Month: December 2017


Institution Faculty/Staff of the Month

School: University of Maryland, College Park Region: CAACURH
Nominee: Professor James Fry Nominator: Ben Reichard

On-Campus Population: 12500 Chapter Size: 125

Please explain the outstanding contributions of the nominee during the month of nomination

“Tell me and I forget. Teach me and I remember. Involve me and I learn.” - Benjamin Franklin

Like several other students in the class without previous musical training, I was slightly apprehensive heading into Professor James Fry’s course “Modern and Postmodern Music: Trends, Styles, Issues and Ideas.” It was an honors seminar focused on 20th century composers, of which I could name none; nor could I identify musical elements like key or tonality. I wanted to take a risk and dive into something new. Thanks to Prof. Fry’s masterful teaching techniques, the entire class was able to access and engage the material, regardless of their musical talent or background. Particularly in the month of December, Prof. Fry turned classroom norms on their head to involve students directly and allow us to genuinely learn and grow.

Prof. Fry’s approach to his lectures is innovative and makes the content accessible. The homework is to listen to a set of music, read a little bit about the composers, and then write a reflection about the pieces. Students have the freedom to enjoy the music at their own pace and can write about anything that stands out to them. His lectures revolve around listening to the assigned music and related pieces, and then having an open discussion to identify trends and differences. Musical lingo is kept to a minimum and explained plainly. There are no memorization-based tests or demanding essays. The assignments and lectures are literally just about experiencing and immersing oneself in the music; students can reflect and express themselves without the fear of being “wrong.”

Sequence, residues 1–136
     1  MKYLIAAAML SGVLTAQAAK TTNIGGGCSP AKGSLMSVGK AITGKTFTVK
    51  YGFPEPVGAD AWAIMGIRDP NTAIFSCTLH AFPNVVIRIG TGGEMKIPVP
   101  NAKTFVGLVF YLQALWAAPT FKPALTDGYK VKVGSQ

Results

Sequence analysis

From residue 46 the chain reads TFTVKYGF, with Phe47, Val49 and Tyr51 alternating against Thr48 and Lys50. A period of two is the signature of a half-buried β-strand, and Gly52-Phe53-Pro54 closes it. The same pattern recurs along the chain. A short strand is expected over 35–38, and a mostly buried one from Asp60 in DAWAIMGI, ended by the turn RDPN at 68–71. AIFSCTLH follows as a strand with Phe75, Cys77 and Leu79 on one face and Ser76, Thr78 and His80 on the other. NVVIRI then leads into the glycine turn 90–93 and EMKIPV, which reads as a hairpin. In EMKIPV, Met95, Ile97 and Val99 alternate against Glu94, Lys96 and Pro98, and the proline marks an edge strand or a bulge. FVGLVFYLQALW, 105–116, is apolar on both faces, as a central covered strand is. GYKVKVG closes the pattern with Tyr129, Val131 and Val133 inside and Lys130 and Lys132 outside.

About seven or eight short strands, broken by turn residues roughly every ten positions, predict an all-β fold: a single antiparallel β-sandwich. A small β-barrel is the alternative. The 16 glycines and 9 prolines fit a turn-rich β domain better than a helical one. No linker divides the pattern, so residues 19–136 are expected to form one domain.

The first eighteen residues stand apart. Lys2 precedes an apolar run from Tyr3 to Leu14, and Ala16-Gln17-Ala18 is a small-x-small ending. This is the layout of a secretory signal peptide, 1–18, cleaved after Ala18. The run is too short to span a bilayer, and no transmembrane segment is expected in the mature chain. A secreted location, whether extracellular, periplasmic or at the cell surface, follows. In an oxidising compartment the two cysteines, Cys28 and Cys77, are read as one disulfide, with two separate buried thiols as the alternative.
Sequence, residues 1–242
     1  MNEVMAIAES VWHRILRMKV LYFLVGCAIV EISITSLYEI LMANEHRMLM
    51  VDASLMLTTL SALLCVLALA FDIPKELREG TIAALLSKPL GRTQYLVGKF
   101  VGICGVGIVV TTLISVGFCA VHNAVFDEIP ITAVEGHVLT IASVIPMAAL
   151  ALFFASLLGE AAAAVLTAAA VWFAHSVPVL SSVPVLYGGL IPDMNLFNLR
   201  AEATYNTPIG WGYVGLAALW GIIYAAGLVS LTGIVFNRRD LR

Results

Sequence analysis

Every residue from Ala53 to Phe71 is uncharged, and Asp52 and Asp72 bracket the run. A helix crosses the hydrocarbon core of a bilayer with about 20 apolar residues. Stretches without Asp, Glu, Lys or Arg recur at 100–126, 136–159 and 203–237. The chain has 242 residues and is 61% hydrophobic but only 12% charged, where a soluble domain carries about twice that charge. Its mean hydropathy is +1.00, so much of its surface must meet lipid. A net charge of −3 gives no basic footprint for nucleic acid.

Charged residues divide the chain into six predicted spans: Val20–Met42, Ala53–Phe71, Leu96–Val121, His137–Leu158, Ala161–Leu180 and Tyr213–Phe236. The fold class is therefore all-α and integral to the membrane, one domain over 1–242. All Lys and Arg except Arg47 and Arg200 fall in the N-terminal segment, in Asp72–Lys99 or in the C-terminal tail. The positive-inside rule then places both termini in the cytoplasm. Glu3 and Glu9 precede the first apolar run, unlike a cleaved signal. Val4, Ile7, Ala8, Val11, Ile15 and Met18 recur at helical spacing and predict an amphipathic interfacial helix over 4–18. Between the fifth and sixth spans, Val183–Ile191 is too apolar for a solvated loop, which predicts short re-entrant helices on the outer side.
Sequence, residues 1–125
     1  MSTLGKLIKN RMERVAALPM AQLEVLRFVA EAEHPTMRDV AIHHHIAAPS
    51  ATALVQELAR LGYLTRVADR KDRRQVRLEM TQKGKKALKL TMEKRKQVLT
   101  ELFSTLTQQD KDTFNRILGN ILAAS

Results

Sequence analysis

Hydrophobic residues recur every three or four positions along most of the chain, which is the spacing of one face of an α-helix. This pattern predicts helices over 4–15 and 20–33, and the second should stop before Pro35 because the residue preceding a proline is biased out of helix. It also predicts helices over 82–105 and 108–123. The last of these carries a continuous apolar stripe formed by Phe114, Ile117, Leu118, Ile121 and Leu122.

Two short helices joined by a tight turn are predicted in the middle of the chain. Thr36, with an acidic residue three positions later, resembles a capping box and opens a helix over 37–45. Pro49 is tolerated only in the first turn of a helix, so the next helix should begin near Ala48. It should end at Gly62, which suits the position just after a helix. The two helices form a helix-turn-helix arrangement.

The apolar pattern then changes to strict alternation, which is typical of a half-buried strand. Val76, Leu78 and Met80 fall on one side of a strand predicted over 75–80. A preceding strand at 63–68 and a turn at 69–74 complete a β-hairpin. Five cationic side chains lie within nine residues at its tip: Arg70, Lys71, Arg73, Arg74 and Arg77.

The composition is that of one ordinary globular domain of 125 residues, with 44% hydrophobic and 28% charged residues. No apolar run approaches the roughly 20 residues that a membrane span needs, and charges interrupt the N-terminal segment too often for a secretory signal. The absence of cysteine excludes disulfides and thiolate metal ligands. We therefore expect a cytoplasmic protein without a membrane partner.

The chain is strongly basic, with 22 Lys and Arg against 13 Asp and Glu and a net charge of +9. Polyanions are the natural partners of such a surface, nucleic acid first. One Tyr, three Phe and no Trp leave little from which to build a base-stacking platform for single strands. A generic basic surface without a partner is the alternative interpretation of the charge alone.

Prof. Fry gives students the freedom to explore modern composers and share with the class. On December 5, students presented research about a self-selected topic. I talked about my favorite video game composer; other presentations ranged from Indian vocal music to tango. During the presentations, Prof. Fry stepped back and became a student just like the rest of us, intrigued by the topics and proud of everyone’s passion. By allowing us to involve ourselves with topics we cared about, the presentations were engaging and informative. It gave us space to consider music we already liked in a more critical light.

On December 7, the last class before exams, Prof. Fry ended the course on a happy note. He shared his homemade bread with the class, told us powerful personal stories, and gently reviewed the movements we covered during the course. While most professors were stressing out students with monstrous final exam reviews, Prof. Fry reminded us why music has personal value and encouraged us to continue our musical exploration beyond the end of the semester.

His final exam format was also accessible and open-ended. He assigned two seminal Twentieth-century operas and told us to write a two-page reflection. Again the reflections were self-guided; I was able to incorporate my passion for social engagement into my essay.

While I listened to hour-long operas on repeat - which might sound like a drag to some - I realized that Prof. Fry had found a way to make abstract and alien music subjects relatable. Not only could I identify factors like tonality, I could explain how they make me feel about a piece. I even found myself critically evaluating music I listened to casually. I wanted to dive into something I knew nothing about and grow as a person. Prof. Fry heeded Benjamin Franklin’s advice and delivered, involving students directly in their learning and creating an environment of immersion. Prof. Fry deserves to be recognized as an outstanding faculty member for opening the world of music to his students.

Word Count: 600

Date of entry into database: 2018-01-03 13:53:59

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